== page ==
There were ten candidates in the first rounds, including one each from: the New Anticapitalist Party and Workers’ Struggle (Wikipedia’s translation). There was not a single seat at the feast occupied by a conventional conservative party, a Tory party. There was no “liberal” chair at the dinner in the English sense of the word that would prevail in France if the term were used at all. (See below.). If the role of the market in both producing innovation and correcting wrong turns was ever mentioned during the whole campaign (first and second round,) it left no impression on anyone. There were plenty of arguments and proposals concerning taxes. They were all couched in terms of “fairness.” None was about the fundamental fact that taxes, even low taxes limit the virtuous work of the market and therefore shackle economic growth (which has practically ceased to exist in France).

The French candidates also kept their eyes averted from, or dismissed summarily the example of Germany next door which successfully reformed its welfare state in a more market direction ten years earlier.

It’s not that there are no “conservatives ” in France. So-called “cultural conservatives” abound. Large segments of the population become exercised about the right of homosexual couples to adopt and even about host womb fertilization. The puerile excesses of the post-1968 strange, make-believe revolution alone would ensure the existence of such conservatism if it did not have deep roots in the country (see below). Sex hounds like Strauss-Khan have always existed in France but 1968 gave them permission to act openly and more or less brazenly, thereby exciting the Catholic minority’s ire and disgust.

The absence of liberal economic thought in France is the result of a historical accident, a major one to be sure. At the end of World War II, the segments of French political society who had taken an active part in the resistance again the Nazi occupation took over. Soon, they constituted nearly the whole of the political class. The two main segments were the Communist Party and a shifting alliance of “Gaullist” parties, with the Socialist Party playing the role of permanent opposition until 1981. The Communists – nominally Marxist though few of their leaders had read any Marx – were obviously not believers either in the efficacy or in the morality of market mechanisms. The fairly large Socialist Party was kept in a permanent state of primitive vulgar Marxism by the necessity in which it found itself to compete with the Communists for its electorate.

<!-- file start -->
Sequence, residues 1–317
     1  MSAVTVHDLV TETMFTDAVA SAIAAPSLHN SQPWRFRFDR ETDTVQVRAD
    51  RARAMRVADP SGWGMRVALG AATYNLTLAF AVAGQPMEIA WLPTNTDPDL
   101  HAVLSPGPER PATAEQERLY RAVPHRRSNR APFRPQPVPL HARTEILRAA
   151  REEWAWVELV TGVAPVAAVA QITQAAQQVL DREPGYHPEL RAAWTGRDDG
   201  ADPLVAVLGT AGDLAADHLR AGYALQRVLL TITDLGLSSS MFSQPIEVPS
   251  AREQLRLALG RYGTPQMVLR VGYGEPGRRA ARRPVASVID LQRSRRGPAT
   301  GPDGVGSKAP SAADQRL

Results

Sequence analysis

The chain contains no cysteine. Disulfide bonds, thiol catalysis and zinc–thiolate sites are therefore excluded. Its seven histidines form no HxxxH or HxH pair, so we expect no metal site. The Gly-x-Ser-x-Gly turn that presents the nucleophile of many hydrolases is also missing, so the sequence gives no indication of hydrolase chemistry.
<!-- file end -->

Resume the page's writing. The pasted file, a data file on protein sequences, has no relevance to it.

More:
The political right was occupied by Gaullists with serious ties to the progressive wing of the Catholic Church. General De Gaulle himself – a venerated figure and a mediocre politician – was thoroughly influenced by the social doctrine of the Church. To summarize it – but not abusively, I believe – the social doctrine views the state in the guise of absolute Ancien Regime kings. Good kings are both fair and powerful. They use the state apparatus unhesitatingly to distribute both justice and charity as needed.

In the post-World War II re-distribution of power, there was thus no room left for non-statist, or for “little- statist” organized opinion. The socialist victory of Mitterand in 1981, followed by a Socialist majority in parliament swept away any remaining free-market voices. It was not done through persecution in violation of democratic rule but largely through a natural swamping motion. Soon, the effect of this Socialist victory were seen in both the major mass media and, especially in French schools at all levels. All arguments about the economy heard were statist arguments: How much government action, where, for how long, whom and what to tax more, by how much, how can the government create more jobs? (The latter is taken literally: The government actually “creates ” jobs, within itself, inside the government bureaucracy.)

After thirty years, statist schooling has done the expectable: There is almost never any mention in public discourse or in private conversation of this simple idea:

Things that need to get done get done mostly well, mostly efficiently if government does not interfere.